You can read Unleashing the Cloud , our newest research paper, by clicking this link (free, but registration is required). This in-depth look at mobility and cloud platforms includes a case study of retailer Bonobos, as well as insights from other leading companies and data from our global survey.

From our paper on mobility and the cloud:

“Dotcom has been replaced with iPads and iPhones. This creates entirely different expectations, and places fundamentally different demands and requirements on organizations.”

–Roger MacFarlaine, Vice President, Technology & Systems at Mövenpick
Hotels and Resorts

As we prepare to release our second report, this one on mobility and cloud platforms, here’s a look at the folks who took the survey behind the story.

This report, the second in a series of papers that analyze the strategic adoption of cloud computing, is based upon a global survey of 200 senior business and IT executives, conducted in December 2012 and January 2013. The largest group of respondents (16%) came from the US, followed by Brazil, India, Mexico, and the UK (13% each); Germany (10%); Canada (9%); China (6%); Japan (4%); Australia (3%); and Saudi Arabia (3%). Respondents came from five industries: retail (29%), consumer products (28%), banking (25%), telecommunications (13%), and capital markets (7%). More than one-quarter of respondent companies had sales between $1 billion and $4.9 billion. Larger companies made a significant showing, with 10% of respondents reporting sales between $5 billion and $9.9 billion, and 12% over $10 billion. Small and mid-size firms also were well represented: Nearly one in five respondents had sales of $25 million to $99 million, while 18% had sales between $100 million and $499 million, and 14% weighed in between $500 million and $999 million. Chief Executive Officers made up the largest group of respondents (25%), followed by IT infrastructure managers (19%), business unit heads (15%), and Chief Intelligence Officers (13%). Other titles included Chief Operating Officers (8%) and Chief Innovation Officers (7%), along with Developers, Chief Architects, and EVP/SVP of Technology, Operations, and Marketing.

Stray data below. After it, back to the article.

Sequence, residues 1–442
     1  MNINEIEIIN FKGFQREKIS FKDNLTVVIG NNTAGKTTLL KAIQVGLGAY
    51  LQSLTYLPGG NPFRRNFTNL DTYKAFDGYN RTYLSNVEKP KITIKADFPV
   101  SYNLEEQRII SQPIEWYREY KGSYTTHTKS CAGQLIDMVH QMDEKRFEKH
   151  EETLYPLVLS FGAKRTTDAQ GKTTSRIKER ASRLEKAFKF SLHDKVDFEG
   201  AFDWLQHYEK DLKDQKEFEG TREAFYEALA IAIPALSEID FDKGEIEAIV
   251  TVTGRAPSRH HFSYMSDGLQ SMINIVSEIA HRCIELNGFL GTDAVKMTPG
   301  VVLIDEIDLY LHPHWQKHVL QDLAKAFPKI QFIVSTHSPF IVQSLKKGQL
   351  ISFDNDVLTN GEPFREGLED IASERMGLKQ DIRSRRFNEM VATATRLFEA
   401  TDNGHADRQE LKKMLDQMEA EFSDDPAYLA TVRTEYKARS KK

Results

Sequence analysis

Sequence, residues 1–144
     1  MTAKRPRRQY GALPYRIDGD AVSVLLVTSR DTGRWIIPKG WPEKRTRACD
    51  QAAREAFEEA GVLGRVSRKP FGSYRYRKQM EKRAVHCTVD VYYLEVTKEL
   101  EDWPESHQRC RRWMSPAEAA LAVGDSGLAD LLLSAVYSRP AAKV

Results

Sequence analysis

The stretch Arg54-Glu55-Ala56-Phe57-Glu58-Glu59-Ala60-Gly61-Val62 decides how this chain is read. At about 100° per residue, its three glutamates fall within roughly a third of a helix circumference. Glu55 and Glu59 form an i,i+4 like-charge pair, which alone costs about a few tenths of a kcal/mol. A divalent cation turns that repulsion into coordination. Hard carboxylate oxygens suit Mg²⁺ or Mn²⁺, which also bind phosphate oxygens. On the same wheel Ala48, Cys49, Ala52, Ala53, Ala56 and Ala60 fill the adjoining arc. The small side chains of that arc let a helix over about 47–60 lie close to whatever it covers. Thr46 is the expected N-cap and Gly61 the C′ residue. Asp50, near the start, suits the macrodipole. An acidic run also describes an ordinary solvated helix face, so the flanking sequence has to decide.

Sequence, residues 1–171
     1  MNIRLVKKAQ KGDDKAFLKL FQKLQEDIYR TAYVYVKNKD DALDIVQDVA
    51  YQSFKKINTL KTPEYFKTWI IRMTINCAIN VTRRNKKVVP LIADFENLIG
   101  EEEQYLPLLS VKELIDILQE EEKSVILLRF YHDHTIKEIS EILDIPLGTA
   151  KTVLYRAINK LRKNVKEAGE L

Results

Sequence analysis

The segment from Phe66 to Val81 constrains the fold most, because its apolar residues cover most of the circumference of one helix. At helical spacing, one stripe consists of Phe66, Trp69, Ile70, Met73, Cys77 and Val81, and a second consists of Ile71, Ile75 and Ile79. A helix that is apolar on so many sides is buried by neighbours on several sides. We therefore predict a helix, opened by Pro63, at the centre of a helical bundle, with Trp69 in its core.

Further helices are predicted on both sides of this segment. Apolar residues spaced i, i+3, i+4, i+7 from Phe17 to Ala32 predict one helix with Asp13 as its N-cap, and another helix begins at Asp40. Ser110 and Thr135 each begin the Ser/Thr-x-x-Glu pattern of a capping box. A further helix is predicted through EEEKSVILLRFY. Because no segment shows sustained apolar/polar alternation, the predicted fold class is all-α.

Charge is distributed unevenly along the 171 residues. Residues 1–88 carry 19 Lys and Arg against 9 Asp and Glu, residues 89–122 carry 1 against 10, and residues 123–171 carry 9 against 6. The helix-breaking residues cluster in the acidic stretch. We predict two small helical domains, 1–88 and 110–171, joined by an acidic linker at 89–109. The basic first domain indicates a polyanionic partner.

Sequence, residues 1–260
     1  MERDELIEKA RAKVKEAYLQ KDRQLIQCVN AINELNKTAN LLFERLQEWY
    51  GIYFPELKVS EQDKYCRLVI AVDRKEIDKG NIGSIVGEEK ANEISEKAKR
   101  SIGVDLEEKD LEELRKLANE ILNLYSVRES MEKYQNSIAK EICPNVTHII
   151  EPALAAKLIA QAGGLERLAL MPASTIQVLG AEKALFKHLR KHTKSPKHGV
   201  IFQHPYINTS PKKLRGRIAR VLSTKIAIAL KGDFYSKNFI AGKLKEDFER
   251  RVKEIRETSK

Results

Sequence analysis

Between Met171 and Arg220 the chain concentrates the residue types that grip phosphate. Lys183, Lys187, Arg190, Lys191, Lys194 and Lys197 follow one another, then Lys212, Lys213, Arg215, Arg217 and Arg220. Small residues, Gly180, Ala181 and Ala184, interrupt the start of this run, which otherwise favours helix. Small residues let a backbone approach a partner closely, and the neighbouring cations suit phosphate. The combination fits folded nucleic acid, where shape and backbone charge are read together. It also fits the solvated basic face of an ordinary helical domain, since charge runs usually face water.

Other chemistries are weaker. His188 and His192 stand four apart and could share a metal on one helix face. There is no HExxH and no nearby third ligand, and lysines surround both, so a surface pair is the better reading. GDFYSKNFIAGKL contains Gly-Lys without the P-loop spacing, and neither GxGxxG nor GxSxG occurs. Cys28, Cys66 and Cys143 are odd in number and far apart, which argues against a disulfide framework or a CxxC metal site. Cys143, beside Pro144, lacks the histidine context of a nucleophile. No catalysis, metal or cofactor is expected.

From the introduction of our latest paper, Unleashing the Cloud: Putting Mobility to Work (link posted shortly):

Our global survey of 200 senior business and IT executives shows companies taking a variety of cloud-based mobility initiatives that span the enterprise, from internal operations to interactions with customers and partners. These plans aim to achieve a broad range of goals, including increased efficiency, customer satisfaction, and business performance. To realize these goals and put mobility and clouds to work successfully, they will need a well-conceived strategy, the right resources, and a commitment to connecting people and systems in new and sometimes unfamiliar ways.

It’s best to take mega-dollar predictions of market size as general indicators and trend markers, not hard numbers, but in any case this forecast from TechNavio adds up to news:

The platform as a service (PaaS) market is expected to reach $6.45bn by 2016 and grow at a compound annual growth rate (CAGR) of almost 50%, with application infrastructure and middleware PaaS expected to grow the fastest.

An interesting conversation with Slalom Consulting’s Rob Daigneau about cloud platforms and mobility here ; our report on that very topic is on the way.